“Home of the Pittsburgh Steelers”
Heinz Field is a stadium located in the North Shore neighborhood of Pittsburgh, Pennsylvania. It primarily serves as the home to the Pittsburgh Steelers and University of Pittsburgh Panthers American football teams, members of the National Football League (NFL) and National Collegiate Athletic Association (NCAA) respectively. The stadium opened in 2001, after the controlled implosion of the teams' previous stadium, Three Rivers Stadium. The stadium is named for locally-based H. J. Heinz Company, which purchased the naming rights in 2001. It hosted the 2011 NHL Winter Classic between the Pittsburgh Penguins and Washington Capitals on January 1, 2011. Funded in conjunction with PNC Park and the David L. Lawrence Convention Center, the $281 million ($364.3 million today) stadium stands along the Ohio River, on the Northside of Pittsburgh in the North Shore neighborhood. The stadium was designed with the city of Pittsburgh's history of steel production in mind, which led to the inclusion of 12,000 tons of steel into the design. Ground for the stadium was broken in June 1999 and the first football game was hosted in September 2001. The stadium's natural grass surface has been criticized throughout its history, but Steelers ownership has kept the grass after lobbying from players and coaches. Attendance for the 65,050 seat stadium has sold out for every Steelers home game, a streak which dates back to 1972 (a year before local telecasts of home games were permitted in the NFL). A collection of memorabilia from the Steelers and Panthers of the past can be found in the Great Hall. Unique about the field is the design itself. Initially, the south end zone had either "Steelers" or "Panthers" painted in the end zone, depending on the game itself. The north end zone has always read "Pittsburgh", which is painted in gold lettering and trimmed in either black for the Steelers or dark blue for Pitt. Although there is typically no midfield logo when both Pitt and the Steelers are in season, both teams have applied their logo if the field's schedule allows for a sufficient break to remove or apply the other team's logo for that team's next upcoming game. The Steelers have typically added their logo to midfield after Pitt's football season has ended. In 2003, the Steelers played the Philadelphia Eagles in a preseason game to commemorate the 60th anniversary of the Steagles team, when the two merged as a result of player shortages caused by World War II. Steelers president Dan Rooney had initially considered wearing a throwback uniform for the game, but decided against it because the merged team wore the Eagles uniforms, and the Steelers didn't want to wear the Eagles' colors. Instead, the team had the south end zone painted in plain diagonal white lines, which were common in NFL endzones until the 1960s. Although the Steelers lost the game 21–16, Rooney liked the look of the south end zone being "plain", and decided to keep it permanently. As with the team's logo at midfield, the Steelers paint "Steelers" in the south end zone once the college football season ends. The plain design in the south end zone has caught on in the NFL, with the Green Bay Packers also adopting the plain diagonal white lines in the end zones at Lambeau Field.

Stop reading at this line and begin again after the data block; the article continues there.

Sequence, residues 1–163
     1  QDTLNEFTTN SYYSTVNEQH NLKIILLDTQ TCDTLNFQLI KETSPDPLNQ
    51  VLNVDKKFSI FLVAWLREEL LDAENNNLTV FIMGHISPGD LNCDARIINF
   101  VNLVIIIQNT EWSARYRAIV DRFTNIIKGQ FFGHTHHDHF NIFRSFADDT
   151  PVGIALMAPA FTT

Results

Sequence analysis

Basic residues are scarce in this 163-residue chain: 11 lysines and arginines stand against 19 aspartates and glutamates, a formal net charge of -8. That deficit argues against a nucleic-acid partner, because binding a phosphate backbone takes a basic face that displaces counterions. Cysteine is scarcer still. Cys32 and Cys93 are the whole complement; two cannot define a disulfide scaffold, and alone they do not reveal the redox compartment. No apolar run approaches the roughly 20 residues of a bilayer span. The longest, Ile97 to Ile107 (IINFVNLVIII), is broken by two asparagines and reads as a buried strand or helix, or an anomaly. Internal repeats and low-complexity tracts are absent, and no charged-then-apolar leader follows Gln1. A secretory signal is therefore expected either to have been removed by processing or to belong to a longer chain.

Best stadium in the NFL. Great fans, great venue, great team, etc. There isn't a bad seat in the house, the tailgating before the game is always fun, GREAT place to watch a game.
Obviously I'll give this a 5, being a diehard Steelers fan. Fun place to watch a game on the river.
Full disclosure: I'm a Browns fan. Okay now that that's out of the way... it's in an awesome location near some cool stuff and offers great views. As for the inside... it's a stadium. Nothing too special. There's a Primanti Bros inside so non-locals can sample their famed sandwiches. Oh, and since this is the NFL, remember... no purses, no umbrellas, no outside food or drink. :(
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